In the book's preface, the authors make the important point that their analysis differs from a conspiracy theory in that, rather than positing some powerful puppet master who is secretly pulling all of the strings, their "propaganda model" describes the subtle pressures felt by those reporting the news that lead to a widespread understanding about what is acceptable to be presented as news and what isn't. This leads to a large amount of self-censorship of which most of those involved probably aren't even aware. In this sense, the propaganda model is more like a market analysis than a conspiracy theory. Just as important as censorship of the news content is the way that the framework for debate is presented in a way that is congenial to those in positions of power, although they very often don't have to demand this explicitly. An example of such a framework is the way in which the media constantly frames all political stories as a battle between Democrats and Republicans, leaving alternative narratives unexamined. For example, the possibility of decreasing military spending is never discussed, although polls show consistent and widespread public support for this. Rather, the two sides that are presented are the Republicans' plan for huge increases versus the Democrats' plan for moderate increases.

The propaganda model comprises five key components, which act as successive filters through which the news must pass:

(i) Size, ownership, and profit orientation of mass media. The US media has become ever more centralized in recent decades, with a handful of huge corporations and very wealthy individuals making up the majority of it. Thus it is no surprise that corporate interests tend to be well represented by the media. In some cases this can lead to flagrant conflicts of interest. For example, General Electric, which owns NBC, is involved in weapons production and obviously might prefer the news on this topic to be reported in a certain way.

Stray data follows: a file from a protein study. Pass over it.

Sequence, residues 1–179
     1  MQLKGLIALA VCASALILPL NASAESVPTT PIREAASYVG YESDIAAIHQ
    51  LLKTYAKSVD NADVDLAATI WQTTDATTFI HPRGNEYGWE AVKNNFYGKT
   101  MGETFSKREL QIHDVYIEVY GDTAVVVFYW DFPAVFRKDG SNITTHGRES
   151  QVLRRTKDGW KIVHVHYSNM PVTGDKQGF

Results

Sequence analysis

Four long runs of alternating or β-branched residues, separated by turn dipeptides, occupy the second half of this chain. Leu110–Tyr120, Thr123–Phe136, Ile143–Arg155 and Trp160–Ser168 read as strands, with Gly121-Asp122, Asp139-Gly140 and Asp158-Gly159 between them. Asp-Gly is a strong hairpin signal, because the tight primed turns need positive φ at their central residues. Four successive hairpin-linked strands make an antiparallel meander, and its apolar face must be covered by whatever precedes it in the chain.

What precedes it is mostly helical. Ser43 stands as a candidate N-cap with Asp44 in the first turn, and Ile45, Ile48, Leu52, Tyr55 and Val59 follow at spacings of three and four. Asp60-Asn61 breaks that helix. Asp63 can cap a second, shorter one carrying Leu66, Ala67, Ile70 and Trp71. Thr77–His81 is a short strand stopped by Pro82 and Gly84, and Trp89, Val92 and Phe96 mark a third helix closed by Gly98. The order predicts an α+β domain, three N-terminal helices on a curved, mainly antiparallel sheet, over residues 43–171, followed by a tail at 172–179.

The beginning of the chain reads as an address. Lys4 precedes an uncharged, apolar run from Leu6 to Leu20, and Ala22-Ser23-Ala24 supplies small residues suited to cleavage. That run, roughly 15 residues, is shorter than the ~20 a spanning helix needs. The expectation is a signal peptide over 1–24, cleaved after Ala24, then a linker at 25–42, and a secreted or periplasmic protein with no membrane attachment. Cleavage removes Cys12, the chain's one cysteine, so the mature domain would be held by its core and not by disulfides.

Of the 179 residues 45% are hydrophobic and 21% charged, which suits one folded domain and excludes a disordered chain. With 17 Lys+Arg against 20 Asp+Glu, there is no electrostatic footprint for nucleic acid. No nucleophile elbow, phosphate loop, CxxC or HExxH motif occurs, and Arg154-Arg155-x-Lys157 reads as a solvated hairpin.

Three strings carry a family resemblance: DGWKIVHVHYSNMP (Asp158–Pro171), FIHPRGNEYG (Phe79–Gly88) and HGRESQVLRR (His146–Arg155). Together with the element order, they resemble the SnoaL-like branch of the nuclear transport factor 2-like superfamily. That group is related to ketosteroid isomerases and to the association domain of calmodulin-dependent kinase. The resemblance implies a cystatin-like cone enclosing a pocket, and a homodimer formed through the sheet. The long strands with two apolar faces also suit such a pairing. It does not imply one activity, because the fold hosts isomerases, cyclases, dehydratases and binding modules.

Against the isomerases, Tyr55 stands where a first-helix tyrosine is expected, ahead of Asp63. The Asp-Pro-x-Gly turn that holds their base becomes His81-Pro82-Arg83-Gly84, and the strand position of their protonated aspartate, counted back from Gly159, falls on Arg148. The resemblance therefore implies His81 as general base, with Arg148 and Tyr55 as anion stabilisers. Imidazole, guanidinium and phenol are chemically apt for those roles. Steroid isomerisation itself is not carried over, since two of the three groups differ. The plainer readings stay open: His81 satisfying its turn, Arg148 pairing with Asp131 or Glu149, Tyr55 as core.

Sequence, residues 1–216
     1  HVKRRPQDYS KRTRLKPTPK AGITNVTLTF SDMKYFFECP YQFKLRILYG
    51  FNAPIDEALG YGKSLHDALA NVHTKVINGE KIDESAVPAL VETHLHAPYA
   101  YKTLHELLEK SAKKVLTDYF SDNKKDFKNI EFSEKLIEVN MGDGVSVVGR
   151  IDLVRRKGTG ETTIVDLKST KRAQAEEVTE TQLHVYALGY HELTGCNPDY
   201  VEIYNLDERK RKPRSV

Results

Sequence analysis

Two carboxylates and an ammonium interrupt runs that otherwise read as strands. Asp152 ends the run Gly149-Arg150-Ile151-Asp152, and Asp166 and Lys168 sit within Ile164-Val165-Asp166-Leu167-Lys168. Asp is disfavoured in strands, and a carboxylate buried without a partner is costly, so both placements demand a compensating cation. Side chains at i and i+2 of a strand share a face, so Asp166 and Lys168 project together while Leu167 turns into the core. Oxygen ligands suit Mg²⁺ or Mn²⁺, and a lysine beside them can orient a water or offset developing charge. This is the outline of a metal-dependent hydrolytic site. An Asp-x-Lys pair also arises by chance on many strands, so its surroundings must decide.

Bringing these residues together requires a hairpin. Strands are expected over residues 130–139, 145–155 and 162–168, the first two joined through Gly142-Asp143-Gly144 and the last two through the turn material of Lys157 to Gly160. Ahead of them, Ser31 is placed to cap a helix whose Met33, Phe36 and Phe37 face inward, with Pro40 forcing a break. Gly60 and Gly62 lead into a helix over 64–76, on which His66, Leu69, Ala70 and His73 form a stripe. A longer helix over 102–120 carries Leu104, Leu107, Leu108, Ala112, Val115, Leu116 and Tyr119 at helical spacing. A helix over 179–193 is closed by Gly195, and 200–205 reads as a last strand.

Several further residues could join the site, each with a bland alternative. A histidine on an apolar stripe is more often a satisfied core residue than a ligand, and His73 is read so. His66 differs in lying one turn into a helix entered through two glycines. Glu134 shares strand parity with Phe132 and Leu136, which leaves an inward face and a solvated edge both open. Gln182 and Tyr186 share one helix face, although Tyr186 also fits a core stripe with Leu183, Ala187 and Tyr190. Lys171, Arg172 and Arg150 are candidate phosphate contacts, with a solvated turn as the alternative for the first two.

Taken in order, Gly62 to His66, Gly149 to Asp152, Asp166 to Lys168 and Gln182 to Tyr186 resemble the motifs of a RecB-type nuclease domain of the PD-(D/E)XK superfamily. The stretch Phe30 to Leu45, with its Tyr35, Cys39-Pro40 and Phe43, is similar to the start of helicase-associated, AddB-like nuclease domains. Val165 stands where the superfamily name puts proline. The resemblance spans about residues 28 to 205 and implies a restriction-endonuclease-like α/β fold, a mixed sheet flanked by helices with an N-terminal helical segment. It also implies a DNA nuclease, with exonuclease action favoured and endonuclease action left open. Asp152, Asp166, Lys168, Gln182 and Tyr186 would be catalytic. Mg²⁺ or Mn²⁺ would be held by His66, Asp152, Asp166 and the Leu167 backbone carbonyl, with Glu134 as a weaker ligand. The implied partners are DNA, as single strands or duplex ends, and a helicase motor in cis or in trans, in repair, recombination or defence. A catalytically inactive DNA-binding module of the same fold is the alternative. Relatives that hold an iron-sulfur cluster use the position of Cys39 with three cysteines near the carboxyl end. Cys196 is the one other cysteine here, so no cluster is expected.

(ii) Dependence on advertising revenue. This tends to put news outlets oriented towards a working-class audience at a disadvantage, since advertisers are less willing to pay for the privilege of advertising to such "lower quality" audiences that don't have much buying power. Further, news outlets have a strong incentive not to upset their advertisers. Reading this chapter led me to reflect on the large number of television advertisements by oil and gas companies that one sees these days, in which the companies boast about how virtuous and necessary they are, working together to create American jobs and build a better future. One can imagine how the relationship between Exxon and CNN might sour if the latter were to air an investigative documentary critical of fracking, for example.

(iii) The reliance of media on government, big business, and "experts" for news. It's much easier for media to get their news by going to a weekly press conference at the White House than it is to get it by going out into the world and doing investigative journalism. This sort of tendency creates a cozy relationship between the media and those in power. As Herman and Chomsky put it, "It's very difficult to call authorities on whom one depends for news liars, even if they tell whoppers."

(iv) "Flak" as a means of influencing content. The term "flak" refers to any negative responses that the media receives from parties that are unhappy about the way that the news has been reported. While flak can come from both ordinary individuals and large, established organizations, the latter are generally in a better position to produce flak that will actually lead to a media response. Important sources of flak are think tanks, corporations, and the government, all of which can seek to ensure that the media is strongly rebuffed for not being sufficiently pro-business, etc.

(v) Anticommunism as an overarching ideology. Obviously this was more relevant when the book was written in 1988. It's tempting to apply the same framework to today's media, but with "communism" replaced by "terrorism," the arch nemesis of all Very Serious People in the media and government today. The analogy isn't quite perfect, though, since anticommunism as a state religion could be used naturally to push a pro-corporate agenda, which lies at the heart of the propaganda model, in a way that antiterrorism can't. (There are some obvious exceptions, of course, in the case of firms like Halliburton, for whom the War on Terror has been quite lucrative.)

On the whole I found this book to be a very enlightening read. Despite the fact that many of the examples are a bit dated, I would certainly recommend this book to anyone looking for a critical perspective on mass media today.